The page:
Campus Life

Reflections on the New Normal

by Henrik Meng, USF News

After an academic year like no other, USF students and professors reflect on life during the shutdown.

How are you staying connected to USF?


Tatjana Bevineau

I have been staying connected to USF by checking in with all of my friends frequently and making sure they are doing OK.

Tatjana Bevineau ’22, biology major and music minor




How are you helping or changing the world?


Gerardo Rubio

My goal in life is to become a doctor. Right now, I'm a pre-med student at USF. I'm volunteering all over the place, shelters, hospitals, giving support to all those families who are having a rough time right now due to corona. I'm talking to them and I'm trying to cheer them up even though I can't physically be there.

—Gerardo Rubio, biology major



How has shelter in place changed your perspective?


Jehieli Luevanos

The lockdown has taught me to never take anything for granted. From going to class or just hanging out in Gleeson Plaza with my friends, it is such a blessing. Since lockdown, every walk is a little sweeter and every human interaction seems more precious.

—Jehieli Luevanos ’22, environmental studies and politics major




Ali Pyle

Being sheltered in place has taught me how to relinquish control. Through this experience, I have really had to take a step back and reframe my mindset to be more "go with the flow." For example, I am a planner person, meaning I have to write down exact dates/times/activities that will take up my daily routine and I always write it out in pen. Once shelter in place began, I started writing in my planner in pencil, with the understanding that things might have erased, moved, or modified!

—Ali Pyle ’21, communication studies major and child and youth studies minor

If there’s a silver lining to this situation, what is yours?


Emma Fuentes and her daughter

Overall this is an unbelievable moment, happening to all of us human beings, all over the world. It is incredible to think of the ways that this moment shows how interlinked we all are, yet impacted in very different ways. It is a moment to imagine new ways of being, organizing, and fighting for justice in a world that is so clearly unjust. Being able to think about this, to talk this through and hold my kids close during this time is such a gift. We are able to talk about how very important it is to work together as a family and as a society, also how to care for one another in our own community and across borders in ways that work towards a more just world. I feel grateful to have this time with them, to learn with and from them, and to find new ways of being with them.

—Emma Fuentes, associate professor, School of Education


Kimberly Ding

My husband, who is a physician, and I made the difficult decision at the beginning of the pandemic for him to self-isolate at a separate area of the home while he cared for patients. This meant that I had to solo parent my two kids ages 3 and 5 while also teaching clinicals online. This taught me that my family and I can get through anything. It showed me that children are resilient. I established a good routine with them from the beginning of COVID, a routine that was also flexible and adaptable to change. And my husband and I, despite the fact that he was self-distancing, showered them with love and made them feel safe and secure.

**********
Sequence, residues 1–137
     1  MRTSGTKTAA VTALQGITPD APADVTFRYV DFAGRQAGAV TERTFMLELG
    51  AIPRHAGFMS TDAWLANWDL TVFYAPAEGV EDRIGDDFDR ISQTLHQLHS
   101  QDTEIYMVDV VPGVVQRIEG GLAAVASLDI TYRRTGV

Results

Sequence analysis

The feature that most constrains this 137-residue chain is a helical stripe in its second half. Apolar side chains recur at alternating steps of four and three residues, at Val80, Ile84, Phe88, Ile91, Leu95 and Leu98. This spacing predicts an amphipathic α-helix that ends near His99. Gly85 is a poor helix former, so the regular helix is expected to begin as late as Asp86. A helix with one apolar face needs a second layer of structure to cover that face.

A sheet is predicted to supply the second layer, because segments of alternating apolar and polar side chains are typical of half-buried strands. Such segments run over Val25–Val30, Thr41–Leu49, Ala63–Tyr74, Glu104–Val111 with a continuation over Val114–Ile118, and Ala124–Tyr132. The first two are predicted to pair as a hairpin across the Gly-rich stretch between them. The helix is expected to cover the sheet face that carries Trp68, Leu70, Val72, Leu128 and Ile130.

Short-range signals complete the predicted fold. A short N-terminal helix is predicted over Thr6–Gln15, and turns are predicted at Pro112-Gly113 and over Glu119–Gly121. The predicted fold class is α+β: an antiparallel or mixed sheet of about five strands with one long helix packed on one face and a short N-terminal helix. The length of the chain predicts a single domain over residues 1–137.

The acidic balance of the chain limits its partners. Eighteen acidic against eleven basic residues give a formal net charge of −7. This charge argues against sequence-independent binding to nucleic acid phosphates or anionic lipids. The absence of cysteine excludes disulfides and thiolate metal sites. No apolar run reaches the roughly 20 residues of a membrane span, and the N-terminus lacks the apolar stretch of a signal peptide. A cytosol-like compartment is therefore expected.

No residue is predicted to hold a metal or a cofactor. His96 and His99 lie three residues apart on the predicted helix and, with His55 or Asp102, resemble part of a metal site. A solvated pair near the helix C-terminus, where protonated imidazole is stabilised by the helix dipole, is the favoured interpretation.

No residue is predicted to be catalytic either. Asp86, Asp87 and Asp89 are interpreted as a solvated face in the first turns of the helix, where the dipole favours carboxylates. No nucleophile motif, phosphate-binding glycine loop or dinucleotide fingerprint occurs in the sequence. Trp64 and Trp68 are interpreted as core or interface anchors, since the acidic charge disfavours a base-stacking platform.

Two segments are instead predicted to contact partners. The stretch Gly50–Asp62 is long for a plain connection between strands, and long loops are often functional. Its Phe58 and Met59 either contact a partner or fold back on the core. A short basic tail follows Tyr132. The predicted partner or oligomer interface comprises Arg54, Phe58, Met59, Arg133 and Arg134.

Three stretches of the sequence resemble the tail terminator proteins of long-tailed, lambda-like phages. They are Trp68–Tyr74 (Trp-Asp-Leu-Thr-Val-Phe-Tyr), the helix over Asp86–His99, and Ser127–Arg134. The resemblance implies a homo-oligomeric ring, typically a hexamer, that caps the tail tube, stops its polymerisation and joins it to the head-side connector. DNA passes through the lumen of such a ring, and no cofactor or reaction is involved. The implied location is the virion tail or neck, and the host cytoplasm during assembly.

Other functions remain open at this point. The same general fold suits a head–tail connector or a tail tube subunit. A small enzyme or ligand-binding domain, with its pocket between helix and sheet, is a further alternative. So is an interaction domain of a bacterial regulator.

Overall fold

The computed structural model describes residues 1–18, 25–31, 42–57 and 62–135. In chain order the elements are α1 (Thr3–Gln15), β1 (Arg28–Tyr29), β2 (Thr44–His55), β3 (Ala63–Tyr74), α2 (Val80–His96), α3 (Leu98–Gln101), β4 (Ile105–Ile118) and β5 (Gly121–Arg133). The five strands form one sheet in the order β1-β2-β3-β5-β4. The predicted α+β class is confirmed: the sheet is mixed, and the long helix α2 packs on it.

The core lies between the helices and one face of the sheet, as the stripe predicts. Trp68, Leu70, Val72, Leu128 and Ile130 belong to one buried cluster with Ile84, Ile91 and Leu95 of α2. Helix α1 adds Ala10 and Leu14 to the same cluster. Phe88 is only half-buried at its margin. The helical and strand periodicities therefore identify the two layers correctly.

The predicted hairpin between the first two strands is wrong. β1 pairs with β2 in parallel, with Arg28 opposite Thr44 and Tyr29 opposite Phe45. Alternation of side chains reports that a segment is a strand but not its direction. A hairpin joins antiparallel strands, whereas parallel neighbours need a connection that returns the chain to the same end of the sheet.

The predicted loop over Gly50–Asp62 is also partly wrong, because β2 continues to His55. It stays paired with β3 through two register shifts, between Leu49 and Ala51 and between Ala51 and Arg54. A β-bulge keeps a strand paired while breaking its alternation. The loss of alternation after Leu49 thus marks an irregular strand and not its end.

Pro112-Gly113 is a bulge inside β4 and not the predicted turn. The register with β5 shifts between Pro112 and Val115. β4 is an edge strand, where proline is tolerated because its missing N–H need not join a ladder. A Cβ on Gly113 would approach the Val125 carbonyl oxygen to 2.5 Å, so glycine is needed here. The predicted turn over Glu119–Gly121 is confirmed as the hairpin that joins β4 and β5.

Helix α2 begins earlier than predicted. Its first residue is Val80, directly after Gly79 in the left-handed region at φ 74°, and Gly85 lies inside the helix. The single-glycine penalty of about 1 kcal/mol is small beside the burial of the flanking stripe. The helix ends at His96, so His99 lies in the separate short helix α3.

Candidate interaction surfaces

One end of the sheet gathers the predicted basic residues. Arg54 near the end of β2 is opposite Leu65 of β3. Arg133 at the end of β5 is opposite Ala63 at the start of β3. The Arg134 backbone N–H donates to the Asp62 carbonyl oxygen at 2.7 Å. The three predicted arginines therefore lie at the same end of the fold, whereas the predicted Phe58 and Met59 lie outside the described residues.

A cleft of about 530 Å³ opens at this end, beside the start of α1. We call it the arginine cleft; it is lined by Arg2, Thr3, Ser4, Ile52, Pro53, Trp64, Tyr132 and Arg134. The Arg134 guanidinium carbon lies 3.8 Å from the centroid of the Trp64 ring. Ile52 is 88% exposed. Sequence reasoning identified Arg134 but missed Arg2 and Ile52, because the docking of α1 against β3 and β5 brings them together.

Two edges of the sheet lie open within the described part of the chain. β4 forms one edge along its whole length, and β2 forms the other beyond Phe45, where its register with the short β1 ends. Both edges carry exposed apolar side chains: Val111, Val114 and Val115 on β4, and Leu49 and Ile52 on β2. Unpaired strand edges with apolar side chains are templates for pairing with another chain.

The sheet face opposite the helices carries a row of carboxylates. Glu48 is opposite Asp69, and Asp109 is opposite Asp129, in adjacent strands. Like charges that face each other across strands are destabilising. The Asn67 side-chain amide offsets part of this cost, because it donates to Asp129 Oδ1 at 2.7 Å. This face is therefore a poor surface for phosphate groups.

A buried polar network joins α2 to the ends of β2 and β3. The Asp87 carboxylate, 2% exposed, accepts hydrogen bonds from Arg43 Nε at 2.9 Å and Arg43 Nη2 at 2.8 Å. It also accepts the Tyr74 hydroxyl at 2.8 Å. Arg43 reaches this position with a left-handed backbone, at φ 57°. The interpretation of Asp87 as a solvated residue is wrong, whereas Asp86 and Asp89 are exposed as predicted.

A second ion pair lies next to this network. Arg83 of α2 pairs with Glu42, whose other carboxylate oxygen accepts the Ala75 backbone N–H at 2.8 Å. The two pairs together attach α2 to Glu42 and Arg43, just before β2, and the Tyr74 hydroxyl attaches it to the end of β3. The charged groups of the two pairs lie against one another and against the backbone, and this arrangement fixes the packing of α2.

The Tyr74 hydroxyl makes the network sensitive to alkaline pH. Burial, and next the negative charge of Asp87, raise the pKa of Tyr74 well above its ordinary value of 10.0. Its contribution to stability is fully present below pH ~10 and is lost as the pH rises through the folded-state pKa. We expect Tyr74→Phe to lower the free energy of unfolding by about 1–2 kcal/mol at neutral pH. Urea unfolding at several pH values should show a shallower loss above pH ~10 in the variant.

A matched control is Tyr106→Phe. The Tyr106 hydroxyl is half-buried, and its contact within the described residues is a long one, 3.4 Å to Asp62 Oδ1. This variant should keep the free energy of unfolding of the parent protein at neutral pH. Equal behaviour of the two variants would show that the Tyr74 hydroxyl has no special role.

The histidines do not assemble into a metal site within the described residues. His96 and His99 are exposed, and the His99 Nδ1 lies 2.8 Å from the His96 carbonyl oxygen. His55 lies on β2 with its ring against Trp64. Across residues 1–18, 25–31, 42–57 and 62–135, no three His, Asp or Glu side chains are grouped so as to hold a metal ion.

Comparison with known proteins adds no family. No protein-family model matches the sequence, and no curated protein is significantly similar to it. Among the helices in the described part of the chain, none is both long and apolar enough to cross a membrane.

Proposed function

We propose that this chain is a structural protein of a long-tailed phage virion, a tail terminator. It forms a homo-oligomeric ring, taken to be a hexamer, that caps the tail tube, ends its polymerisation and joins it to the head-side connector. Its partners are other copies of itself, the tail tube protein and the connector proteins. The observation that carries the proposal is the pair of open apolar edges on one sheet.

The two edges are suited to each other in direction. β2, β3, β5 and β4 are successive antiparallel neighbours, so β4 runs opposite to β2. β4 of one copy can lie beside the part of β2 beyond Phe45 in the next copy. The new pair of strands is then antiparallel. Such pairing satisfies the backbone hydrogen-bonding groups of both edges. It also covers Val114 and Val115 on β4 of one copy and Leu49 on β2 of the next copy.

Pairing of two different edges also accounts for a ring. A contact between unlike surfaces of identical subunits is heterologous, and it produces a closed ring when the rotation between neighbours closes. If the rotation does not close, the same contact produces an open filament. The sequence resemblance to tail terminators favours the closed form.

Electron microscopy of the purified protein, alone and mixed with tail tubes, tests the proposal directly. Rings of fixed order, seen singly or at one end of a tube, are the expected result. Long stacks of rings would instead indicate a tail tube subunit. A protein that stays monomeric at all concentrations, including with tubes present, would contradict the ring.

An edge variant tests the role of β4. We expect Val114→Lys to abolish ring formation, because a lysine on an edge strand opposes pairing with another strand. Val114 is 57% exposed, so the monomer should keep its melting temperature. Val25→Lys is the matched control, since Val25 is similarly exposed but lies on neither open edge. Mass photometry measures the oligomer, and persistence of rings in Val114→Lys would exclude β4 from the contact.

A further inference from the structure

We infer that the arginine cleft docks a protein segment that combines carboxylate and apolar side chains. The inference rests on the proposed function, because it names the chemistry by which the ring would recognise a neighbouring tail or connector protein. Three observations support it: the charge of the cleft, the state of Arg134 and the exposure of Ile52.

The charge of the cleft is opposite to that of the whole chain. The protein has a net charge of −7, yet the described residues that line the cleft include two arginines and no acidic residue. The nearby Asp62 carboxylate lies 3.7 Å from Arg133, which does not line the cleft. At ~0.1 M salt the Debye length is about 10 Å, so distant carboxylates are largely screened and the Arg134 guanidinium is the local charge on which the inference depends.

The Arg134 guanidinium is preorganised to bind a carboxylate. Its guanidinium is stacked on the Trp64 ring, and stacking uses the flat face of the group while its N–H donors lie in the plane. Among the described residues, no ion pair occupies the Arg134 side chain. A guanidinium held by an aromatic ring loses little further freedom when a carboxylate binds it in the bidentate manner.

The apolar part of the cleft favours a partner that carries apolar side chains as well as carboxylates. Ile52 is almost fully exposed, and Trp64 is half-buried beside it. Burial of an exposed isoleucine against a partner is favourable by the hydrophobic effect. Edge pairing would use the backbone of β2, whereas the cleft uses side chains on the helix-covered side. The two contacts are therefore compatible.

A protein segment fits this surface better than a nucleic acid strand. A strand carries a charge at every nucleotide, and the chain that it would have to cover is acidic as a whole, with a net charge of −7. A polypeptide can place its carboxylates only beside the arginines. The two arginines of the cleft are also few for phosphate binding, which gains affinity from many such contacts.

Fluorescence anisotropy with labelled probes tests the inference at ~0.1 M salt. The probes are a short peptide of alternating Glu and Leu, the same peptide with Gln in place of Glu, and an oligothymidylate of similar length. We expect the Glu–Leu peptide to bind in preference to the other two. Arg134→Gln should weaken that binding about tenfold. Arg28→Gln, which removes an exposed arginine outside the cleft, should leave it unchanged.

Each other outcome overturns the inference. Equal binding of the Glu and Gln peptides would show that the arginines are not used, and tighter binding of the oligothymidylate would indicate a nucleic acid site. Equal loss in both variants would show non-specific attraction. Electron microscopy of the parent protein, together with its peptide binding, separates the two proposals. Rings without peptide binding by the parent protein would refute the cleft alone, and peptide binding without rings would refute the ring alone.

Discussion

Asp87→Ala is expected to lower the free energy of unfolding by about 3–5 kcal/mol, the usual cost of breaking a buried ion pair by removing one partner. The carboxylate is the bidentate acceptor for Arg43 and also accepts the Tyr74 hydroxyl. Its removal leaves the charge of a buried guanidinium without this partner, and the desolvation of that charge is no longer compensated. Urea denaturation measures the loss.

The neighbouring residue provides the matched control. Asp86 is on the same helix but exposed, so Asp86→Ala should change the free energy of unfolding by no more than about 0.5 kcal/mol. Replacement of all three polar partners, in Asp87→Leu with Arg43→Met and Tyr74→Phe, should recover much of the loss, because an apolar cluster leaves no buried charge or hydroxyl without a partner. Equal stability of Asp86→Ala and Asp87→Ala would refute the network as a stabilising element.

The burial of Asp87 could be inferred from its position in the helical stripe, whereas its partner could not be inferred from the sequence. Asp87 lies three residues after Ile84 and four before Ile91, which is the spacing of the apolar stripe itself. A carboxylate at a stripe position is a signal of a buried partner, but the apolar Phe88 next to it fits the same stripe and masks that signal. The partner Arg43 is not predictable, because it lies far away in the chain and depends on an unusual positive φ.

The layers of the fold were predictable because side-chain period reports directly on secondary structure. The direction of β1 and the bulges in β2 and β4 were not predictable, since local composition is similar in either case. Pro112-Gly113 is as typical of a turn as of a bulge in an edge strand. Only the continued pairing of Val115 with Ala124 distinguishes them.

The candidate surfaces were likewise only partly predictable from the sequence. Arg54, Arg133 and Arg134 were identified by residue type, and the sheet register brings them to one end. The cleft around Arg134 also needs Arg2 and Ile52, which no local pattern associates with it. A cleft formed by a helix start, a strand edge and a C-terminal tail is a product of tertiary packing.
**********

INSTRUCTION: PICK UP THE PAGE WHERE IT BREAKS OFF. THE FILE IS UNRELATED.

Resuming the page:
I made sure to sing to my children every day, dance with them, laugh with them, bake with them, read with them, create with them, and I also cried with them because we are human. It is important to feel all your feels but to never be consumed by them. We can't control what's happening in the world, but we can control our reactions. My husband and I made sure our children felt loved every day.

Yes, my family is strong, my family is brave, my family got through this semester with grace.

—Kimberley Ding, assistant professor, School of Nursing and Health Professions


Frank Nunez

For once in mine and my mother's life, we've been financially stable. I have always found myself struggling, working three jobs, juggling school, and compromising with my work just to make it by for food and rent.

My work has been very kind with compensating its workers the normal hours. With that time, I've been able to work on personal healing, my artwork, and catching up with my family and friends without having the overwhelming questions I had about my living situation or quitting on my dreams. After I was furloughed from my job, I was able to qualify for unemployment benefits and artist outreach programs. This has provided a safety net that was very, very thin before all this. I wish everyone who is affected by this well, including my own family and friends who are either diagnosed with COVID-19 or who are essential workers.

—Frank Nunez, advertising/photography major

What's your message to the USF community?


Tara Minaee

I hope everyone is staying safe and following social distancing guidelines. We as a community need to work together to support our essential workers, health care workers, and our at-risk populations by staying inside. Even though the weather is getting warmer and spring semester has finished, the fight isn't over. I can't wait to be with my USF community soon enough to finally walk across the stage, but until then I hope everyone stays healthy, connected, and inside.

—Tara Minaee ’20, nursing major